Thousands of poor adults in Kentucky will have to find jobs and pay monthly premiums to retain their Medicaid coverage as a result of drastic changes to the state’s health insurance program approved Friday by the Trump administration.
With the long-expected decision, Kentucky becomes the first state to win federal approval to test a new work requirement in Medicaid, a controversial policy shift likely to result in a court battle over whether the administration overstepped its legal authority.
“I was raised by a father who said, ‘Don’t take something that is not earned,’” said Republican Gov. Matt Bevin in announcing the approval of Kentucky’s Medicaid waiver. “The vast majority of able-bodied men and women, able-bodied Kentuckians, they want the dignity associated with being able to earn and have engagement in the very things they are receiving, and an opportunity not to be put in a dead-end entitlement trap but given a path forward and upward.”
Conservatives say the work requirement can help lead people to employment and off the state-federal health program. Democrats, health providers and patient groups say the measure adds another stumbling block for people to keep their coverage.
“By lessening dependence on government assistance and promoting individual self-sufficiency, Kentucky’s efforts should also help to promote the fiscal sustainability of the program to better protect services for the Commonwealth’s most vulnerable,” Demetrios Kouzoukas, principal deputy administrator of the Centers for Medicare & Medicaid Services, wrote in his Kentucky approval letter. “Overall, CMS believes that Kentucky HEALTH [Helping to Engage and Achieve Long Term Health] has been designed to empower individuals to improve their health and well-being.”
Hari Sreenivasan spoke with Amy Goldstein of the Washington Post about Kentucky’s work requirement for Medicaid.
The approval comes one day after the Trump administration released guidance to states on how to design and test programs that require work as a condition of receiving Medicaid.
A study by the Kaiser Family Foundation found that 6 in 10 non-disabled adults on Medicaid already work at least part time, although they often aren’t offered health benefits through those jobs or can’t afford them. (Kaiser Health News is an editorially independent program of the foundation.)
Surveys show that many Medicaid enrollees who don’t work are in job training, go to school or are taking care of a child or an elderly relative, conditions that would make them exempt from the new mandate, according to the CMS guidelines.
Kentucky’s program would require non-disabled adults each month to participate in 80 hours of work, job training, education or other qualified “community engagement.”
Those who are exempted include children and former foster care kids, pregnant women, senior citizens, people who are the primary caretakers for a child or a disabled adult, those who are deemed medically frail or diagnosed with an acute medical condition that would prevent them from working, and full-time students.
Officials acknowledge that the work requirement — coupled with other changes in its waiver request — would lead to about 95,000 fewer people enrolled after five years. But many of those would drop out not because of finding work but because they can’t overcome the new bureaucratic hurdles, say advocates for the poor.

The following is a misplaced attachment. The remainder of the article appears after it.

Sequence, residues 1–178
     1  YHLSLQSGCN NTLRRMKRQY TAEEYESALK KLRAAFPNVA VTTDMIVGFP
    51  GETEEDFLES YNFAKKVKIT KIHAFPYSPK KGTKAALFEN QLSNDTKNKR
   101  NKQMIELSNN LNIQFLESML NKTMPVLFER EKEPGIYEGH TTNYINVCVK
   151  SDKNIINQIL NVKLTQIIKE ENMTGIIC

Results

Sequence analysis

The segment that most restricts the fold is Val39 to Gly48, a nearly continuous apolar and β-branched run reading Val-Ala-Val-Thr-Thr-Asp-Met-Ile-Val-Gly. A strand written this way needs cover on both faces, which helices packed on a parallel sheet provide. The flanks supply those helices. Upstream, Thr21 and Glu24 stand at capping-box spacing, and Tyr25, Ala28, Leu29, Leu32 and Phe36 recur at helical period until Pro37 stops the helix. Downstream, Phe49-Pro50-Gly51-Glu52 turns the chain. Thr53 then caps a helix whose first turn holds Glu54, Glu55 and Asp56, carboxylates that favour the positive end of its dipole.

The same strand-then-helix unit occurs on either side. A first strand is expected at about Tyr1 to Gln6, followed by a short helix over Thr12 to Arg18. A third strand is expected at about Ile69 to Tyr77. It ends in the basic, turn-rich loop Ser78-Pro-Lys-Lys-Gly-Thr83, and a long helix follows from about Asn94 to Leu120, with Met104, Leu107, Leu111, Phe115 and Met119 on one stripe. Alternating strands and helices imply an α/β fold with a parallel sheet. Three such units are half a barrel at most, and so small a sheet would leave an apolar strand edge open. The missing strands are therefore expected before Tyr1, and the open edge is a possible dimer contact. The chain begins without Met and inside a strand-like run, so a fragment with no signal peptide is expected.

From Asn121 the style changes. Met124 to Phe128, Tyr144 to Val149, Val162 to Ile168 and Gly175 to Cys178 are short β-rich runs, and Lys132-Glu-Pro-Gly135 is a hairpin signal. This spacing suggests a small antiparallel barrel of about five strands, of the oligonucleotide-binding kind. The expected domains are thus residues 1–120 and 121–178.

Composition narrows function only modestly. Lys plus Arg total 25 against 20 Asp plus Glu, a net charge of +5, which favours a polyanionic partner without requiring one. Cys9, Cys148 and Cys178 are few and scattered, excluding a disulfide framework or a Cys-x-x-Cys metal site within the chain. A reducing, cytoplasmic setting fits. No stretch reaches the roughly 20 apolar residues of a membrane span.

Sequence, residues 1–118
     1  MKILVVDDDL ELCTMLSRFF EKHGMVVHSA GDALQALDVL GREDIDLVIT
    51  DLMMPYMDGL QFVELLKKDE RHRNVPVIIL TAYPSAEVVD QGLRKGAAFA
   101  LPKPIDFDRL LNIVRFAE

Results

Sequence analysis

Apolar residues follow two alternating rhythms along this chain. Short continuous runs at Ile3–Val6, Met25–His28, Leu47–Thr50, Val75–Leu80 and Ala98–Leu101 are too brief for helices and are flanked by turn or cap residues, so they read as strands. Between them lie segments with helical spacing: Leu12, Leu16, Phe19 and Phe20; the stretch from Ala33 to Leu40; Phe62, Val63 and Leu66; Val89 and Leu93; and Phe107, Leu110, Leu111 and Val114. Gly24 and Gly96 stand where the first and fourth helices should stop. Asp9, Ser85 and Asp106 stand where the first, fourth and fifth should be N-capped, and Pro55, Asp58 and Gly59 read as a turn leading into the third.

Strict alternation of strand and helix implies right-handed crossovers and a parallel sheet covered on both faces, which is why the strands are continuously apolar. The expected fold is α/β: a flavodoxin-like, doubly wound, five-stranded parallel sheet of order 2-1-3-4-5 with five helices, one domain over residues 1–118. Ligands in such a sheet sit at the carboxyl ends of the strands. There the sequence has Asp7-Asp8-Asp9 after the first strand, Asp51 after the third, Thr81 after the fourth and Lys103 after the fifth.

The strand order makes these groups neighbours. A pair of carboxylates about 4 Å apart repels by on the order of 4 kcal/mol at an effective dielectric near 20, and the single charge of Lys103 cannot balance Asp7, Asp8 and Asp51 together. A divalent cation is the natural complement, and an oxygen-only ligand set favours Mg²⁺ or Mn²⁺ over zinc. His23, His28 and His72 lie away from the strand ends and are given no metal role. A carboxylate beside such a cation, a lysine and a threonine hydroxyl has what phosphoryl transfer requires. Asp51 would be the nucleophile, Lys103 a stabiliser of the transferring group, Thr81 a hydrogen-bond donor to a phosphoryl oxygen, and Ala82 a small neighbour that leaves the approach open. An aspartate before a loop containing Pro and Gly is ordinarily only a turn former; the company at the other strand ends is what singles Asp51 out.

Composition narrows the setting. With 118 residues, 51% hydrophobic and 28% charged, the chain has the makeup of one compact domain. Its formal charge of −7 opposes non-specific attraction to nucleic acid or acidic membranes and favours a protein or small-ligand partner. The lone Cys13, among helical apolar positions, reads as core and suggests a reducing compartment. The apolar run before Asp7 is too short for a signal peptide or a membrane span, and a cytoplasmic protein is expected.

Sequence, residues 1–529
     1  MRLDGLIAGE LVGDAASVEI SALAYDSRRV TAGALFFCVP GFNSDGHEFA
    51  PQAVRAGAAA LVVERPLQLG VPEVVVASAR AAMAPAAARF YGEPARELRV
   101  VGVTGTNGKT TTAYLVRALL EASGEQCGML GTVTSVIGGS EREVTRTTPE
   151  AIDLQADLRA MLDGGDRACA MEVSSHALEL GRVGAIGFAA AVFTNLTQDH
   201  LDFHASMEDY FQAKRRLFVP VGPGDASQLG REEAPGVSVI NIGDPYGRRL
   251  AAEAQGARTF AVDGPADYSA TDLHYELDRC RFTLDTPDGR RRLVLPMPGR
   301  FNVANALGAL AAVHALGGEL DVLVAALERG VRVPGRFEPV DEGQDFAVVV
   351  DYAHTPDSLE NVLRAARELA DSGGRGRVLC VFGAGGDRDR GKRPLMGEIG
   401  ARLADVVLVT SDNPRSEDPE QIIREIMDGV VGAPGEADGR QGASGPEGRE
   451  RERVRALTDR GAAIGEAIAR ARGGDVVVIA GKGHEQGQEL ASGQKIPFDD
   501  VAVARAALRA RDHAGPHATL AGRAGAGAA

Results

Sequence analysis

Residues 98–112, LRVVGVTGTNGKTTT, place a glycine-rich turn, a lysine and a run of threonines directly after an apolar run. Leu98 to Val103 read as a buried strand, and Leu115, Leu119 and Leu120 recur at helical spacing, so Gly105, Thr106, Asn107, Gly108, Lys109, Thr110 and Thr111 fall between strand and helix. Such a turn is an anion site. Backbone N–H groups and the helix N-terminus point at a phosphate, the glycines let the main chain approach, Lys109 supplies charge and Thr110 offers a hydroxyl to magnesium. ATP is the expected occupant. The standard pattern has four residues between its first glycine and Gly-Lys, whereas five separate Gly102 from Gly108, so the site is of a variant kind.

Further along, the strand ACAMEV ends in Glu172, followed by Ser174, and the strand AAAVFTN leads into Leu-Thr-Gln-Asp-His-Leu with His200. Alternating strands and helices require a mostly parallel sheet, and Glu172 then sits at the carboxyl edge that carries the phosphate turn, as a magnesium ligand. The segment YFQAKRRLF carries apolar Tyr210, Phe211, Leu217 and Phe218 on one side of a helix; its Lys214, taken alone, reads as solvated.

“We expect that fewer people will be able to stay enrolled in coverage due to all of the red tape and penalties they’ll encounter,” said Emily Beauregard, executive director for Kentucky Voices for Health, an advocacy group. “Keeping up with the reporting requirements alone will be enough of a burden on people who have two or three part-time jobs that they’ll either lose coverage at some point or may decide it’s not worth enrolling to begin with.”
The Kentucky approval brings other major changes to the state’s Medicaid program, which has doubled in enrollment to 1.2 million people since the state expanded eligibility in 2014 under the federal Affordable Care Act.
The revisions would cut dental and vision coverage for many adults, although they can regain it by completing health-related activities, such as taking a disease management class or volunteering.
Individuals with income above the poverty level ($12,060) who do not pay their premiums in 60 days will be kicked out of coverage for six months. Enrollees can return to the program earlier if they pay two months of missed premiums and make one new premium payment. They also must complete a financial or health literacy course.
The state also eliminates its non-emergency transportation benefit for some adults in the program.
Under Kentucky HEALTH, enrollees will make a monthly payment ranging from $1 to $15 depending on income. Pregnant women and children will be exempt from that cost sharing.
The Kentucky Medicaid changes generally mimic those of neighboring Indiana, which altered its program in 2015 under then-Gov. Mike Pence.
CMS Administrator Seema Verma recused herself from the Kentucky decision because she had worked with state officials on the waiver request when she was a consultant before joining the Trump administration.
Kentucky is one of 10 states that have applied to CMS to enact a work requirement.
The work requirement is one of the biggest changes in the history of Medicaid, which covers more than 74 million people, or about 1 in 5 Americans. It is the nation’s largest health insurance program.
The majority of enrollees in Medicaid are children, pregnant women and elderly nursing home residents. But the expansion under President Barack Obama led to millions of non-disabled low income adults added to the program.
Kaiser Health News is an editorially independent program of the Henry J. Kaiser Family Foundation, a nonprofit, nonpartisan health policy research and communication organization not affiliated with Kaiser Permanente. You can view the original report on its website.